Pondicherry: A dreamy French-inspired Union territory

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Pondicherry or Puducherry, or Pondy as it is colloquially called, is a dreamy, quaint French-inspired Union territory with gorgeous views of the Bay of Bengal, tucked away in Southern India. It is called the yellow city of India, perfect as a quiet, peaceful weekend getaway with its serene beaches and dainty cafes. I visited Pondicherry on my official trip to Chennai. I just extended my stay over the weekend. Pondicherry is just a 3-hour drive from Chennai. The drive via the East coast road is picturesque and enchanting, with a surprise at each bend. Pondy is a place where the contemporary and colonial, hedonistic and spiritual, tranquil and chaotic, past and present, wonderfully coexist. And only a few cities in India can claim to be so compact yet cosmopolitan.

Pondicherry: A dreamy French-inspired Union territory
Steerts of Pondicherry

I loved the weather in the late afternoons when the sunshine was mellow and warm. And my cabby dropped me in front of Anantha Heritage, my place of stay for the next three days. A unit of Dravidian Hotels, an 18th-century classic Franco-Tamil Villa, has been renovated and kept with Architectural changes made to the property with antique furnishings. I was awestruck by the amalgamation of the well-arranged decor with a traditional touch.

Pondicherry: A dreamy French-inspired Union territory
The Tamil part of Pondicherry

The hotel is located on Perumal Koil street, very next to the Perumal (Vishnu) Temple, with a view of the temple pond from the hotel. Moreover, it has access to the main Shopping areas, Sri Aurobindo Ashram, The Promenade Beach, and the Famous Manakula Vinayagar Temple. After an hour, I checked into my hotel. I was ready to take a walk in the heritage town of the Colonial French City, which portrays the essence of the old French city with its splendid edifice of Pondicherry.

Pondicherry: A dreamy French-inspired Union territory
Anantha Heritage

I walked past the narrow, snoozing lanes where trees meet overhead, where commercial establishments hum beside crumbling Tamil houses, held fast by sturdy old pillars and verandas built for weary passers-by in a more trusting age. Its streets of the city indeed reveal its soul but slow you down too. And then a realisation hit my feet. I needed to explore the town since I did not know how to cycle.

Overlooking Perumal temple

Pondy is a place where you can do everything and nothing. When I stroll through a starkly different side of the town Broad, sun-dappled boulevards greet me, lined with mustard, apricot and tangerine walls with bursts of bougainvillaea cascading over them. Known as the white town, it was designed by the Dutch, coveted by the English, built by the French, and engaged in trading with Rome. Glimpses of Mediterranean Europe linger in this city.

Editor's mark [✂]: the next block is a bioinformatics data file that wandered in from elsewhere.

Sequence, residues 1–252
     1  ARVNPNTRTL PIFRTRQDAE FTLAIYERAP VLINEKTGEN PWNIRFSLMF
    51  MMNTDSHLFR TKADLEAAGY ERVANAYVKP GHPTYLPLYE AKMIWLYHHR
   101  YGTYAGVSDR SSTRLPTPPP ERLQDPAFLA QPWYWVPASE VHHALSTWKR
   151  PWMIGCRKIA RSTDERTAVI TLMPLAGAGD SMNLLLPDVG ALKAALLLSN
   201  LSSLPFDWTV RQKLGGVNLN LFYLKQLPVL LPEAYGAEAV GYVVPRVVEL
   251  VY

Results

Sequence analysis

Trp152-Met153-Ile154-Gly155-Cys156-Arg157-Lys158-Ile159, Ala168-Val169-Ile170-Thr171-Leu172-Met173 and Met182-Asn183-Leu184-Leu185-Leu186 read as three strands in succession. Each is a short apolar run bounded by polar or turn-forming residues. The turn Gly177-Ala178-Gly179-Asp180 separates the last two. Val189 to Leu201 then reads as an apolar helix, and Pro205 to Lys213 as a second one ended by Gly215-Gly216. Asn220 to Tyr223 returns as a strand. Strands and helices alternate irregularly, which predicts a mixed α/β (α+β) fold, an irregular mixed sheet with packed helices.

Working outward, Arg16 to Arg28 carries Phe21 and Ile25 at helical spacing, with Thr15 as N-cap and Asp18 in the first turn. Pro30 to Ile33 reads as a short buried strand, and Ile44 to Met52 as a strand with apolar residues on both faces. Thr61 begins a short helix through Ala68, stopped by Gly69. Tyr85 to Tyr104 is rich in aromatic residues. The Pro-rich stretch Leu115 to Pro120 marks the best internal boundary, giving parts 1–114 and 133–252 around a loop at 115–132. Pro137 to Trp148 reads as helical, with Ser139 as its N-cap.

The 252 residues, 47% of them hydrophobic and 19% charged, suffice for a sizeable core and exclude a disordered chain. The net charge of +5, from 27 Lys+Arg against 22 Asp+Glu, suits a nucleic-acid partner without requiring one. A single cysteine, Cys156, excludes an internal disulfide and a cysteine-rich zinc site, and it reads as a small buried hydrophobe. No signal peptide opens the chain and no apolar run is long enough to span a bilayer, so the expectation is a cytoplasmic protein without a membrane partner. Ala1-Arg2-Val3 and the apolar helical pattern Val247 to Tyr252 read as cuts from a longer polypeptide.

Pondicherry: A dreamy French-inspired Union territory
Glimpse of Mediterranean Europe

White Town is every photographer’s dream town. All I saw was a bicyclist often pedalling by. Or vintage bicycles perched up against vibrant yellow walls with oil lamps. And was astonished by shoppers with strings of jasmine in their hair conversing in fluent French. Even an autorickshaw driver greets people with a resounding “Bonjour”. I even clicked the I quicken my pace to meet the sprawling Promenade- “Cafe Des Artes”.

Cafe Des Artes

I started my exploration with Cafe Des Artes, which is an old bungalow converted into a cafe in the quiet streets of White Town. I was amazed at the French Décor in the vintage setting. The restaurant Propounds a Bohemian charm and an eccentric ambience, especially the walls.

Pondicherry: A dreamy French-inspired Union territory
Cafe De Artes

Also, the laid-back and welcoming atmosphere of the place made me stretch myself alone. And I ended up sipping a coffee and a crepe from their menu. The café also has a boutique offering trendy cotton and leather collection. 

Sri Aurobindo Ashram

This place requires no induction, a 10 min walk from the Cafe Des Artes. I decided to visit Sri Aurobindo Ashram. It is known for its significance, heritage, and values hence chose to spend some ME time in serenity. I was stunned to see the grey that cloaks the Ashram buildings contrasts with the French Quarter’s vibrant villas. 

Pondicherry: A dreamy French-inspired Union territory
Aurobindo Ashram